Be Careful Accelerating Debt Payoffs




"I want to pay off my house so I'm paying extra on my mortgage" the client beamingly states with confidence.


Financial advisors get this a lot from folks. I know I do.


It's easy to understand why folks want to be debt-free. It makes us feel good, duh. Specifically though, paying off a car loan, mortgage, credit card, or student loan represents a sense of accomplishment. We save interest. And, best of all, we get to brag to our friends.


All of these are benefits that give us that shot of financial dopamine that's hard to come by.


However, before we celebrate our supposed financial savvy too much, we need to examine the opportunity cost of using our cash to pay off debts compared to what else you could have used that cash for.



MY PERSONAL SCREW UP


I'm a nerdy CFP Practitioner that's been working in the financial industry since 2003. One would think I'm smart enough to follow my own debt versus investing advice. Unfortunately, I'm human, and this is my story about my decision to buy a car for cash last year.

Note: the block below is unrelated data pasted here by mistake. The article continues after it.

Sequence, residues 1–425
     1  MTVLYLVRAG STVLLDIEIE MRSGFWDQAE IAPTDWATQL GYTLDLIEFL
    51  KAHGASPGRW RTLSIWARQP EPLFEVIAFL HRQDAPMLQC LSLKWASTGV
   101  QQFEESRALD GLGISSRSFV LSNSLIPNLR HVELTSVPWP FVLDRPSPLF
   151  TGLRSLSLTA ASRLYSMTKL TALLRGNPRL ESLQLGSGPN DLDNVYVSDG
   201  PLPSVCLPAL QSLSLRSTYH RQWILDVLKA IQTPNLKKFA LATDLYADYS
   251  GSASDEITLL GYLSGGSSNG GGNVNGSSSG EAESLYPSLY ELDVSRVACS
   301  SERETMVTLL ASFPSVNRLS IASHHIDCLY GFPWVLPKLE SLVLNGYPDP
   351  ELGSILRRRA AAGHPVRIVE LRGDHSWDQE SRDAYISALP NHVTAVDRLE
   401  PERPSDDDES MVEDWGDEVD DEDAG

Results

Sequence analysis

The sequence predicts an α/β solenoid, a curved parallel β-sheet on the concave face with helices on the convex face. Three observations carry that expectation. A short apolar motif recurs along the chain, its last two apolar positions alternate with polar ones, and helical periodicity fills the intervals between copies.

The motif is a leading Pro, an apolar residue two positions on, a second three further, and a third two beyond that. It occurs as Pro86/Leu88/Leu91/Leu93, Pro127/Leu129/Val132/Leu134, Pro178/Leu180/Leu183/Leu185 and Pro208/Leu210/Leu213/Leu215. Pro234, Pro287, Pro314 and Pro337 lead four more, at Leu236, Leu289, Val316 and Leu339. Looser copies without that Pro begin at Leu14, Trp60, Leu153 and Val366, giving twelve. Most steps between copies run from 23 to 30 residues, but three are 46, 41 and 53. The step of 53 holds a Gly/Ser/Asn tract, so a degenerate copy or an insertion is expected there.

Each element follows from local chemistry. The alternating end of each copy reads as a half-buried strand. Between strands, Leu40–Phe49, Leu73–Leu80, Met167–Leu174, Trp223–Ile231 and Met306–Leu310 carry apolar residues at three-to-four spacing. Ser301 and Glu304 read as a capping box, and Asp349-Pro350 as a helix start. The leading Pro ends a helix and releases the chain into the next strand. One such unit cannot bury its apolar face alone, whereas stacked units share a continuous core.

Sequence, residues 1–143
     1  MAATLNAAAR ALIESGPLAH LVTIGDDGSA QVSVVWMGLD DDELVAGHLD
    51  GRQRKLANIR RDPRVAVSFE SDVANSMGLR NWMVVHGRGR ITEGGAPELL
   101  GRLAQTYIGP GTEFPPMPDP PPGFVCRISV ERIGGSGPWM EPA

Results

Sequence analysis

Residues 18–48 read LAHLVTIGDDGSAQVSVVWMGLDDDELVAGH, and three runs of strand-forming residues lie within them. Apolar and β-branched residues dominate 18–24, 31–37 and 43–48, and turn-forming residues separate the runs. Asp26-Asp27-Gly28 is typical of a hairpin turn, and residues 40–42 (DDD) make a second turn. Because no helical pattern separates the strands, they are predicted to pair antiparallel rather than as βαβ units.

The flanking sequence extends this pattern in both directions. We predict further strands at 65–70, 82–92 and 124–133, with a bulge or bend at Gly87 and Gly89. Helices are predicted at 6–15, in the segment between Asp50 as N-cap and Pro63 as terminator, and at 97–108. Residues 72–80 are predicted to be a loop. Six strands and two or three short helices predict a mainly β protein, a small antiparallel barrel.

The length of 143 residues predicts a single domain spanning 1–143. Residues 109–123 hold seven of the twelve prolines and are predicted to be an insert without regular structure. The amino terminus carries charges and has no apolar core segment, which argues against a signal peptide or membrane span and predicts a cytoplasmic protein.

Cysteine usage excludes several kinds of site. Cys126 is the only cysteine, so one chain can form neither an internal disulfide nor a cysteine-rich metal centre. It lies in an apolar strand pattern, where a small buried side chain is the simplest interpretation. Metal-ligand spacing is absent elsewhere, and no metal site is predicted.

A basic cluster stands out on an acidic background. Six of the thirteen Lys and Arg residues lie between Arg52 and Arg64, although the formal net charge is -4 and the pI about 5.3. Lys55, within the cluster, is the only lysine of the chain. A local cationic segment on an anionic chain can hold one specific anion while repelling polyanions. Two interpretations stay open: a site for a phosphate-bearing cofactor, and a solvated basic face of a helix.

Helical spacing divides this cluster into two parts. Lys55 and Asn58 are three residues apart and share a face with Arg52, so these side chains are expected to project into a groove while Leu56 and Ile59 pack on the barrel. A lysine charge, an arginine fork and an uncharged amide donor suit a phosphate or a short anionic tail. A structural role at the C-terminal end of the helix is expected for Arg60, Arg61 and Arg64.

Melissa and I needed a new vehicle. We spent $36,000 on a used car with 30K miles last summer.


I have an 800+ credit score, but the 5-year loan rates we were quoted for 2016-model year cars were in the 3.8% to 4.3% range. Without even running the numbers on what the interest would've tallied, I decided that we needed to do something with the extra cash we'd accumulated at the bank.


Eureka! Let's just write a check a be done with it.


So we did.


In my mind, this was justified because I was already on track to max out my 401(k) at $19,500 as well as my HSA at $7,100. Our financial plan was solid. Reducing interest would clearly represent a proven method of increasing my net worth.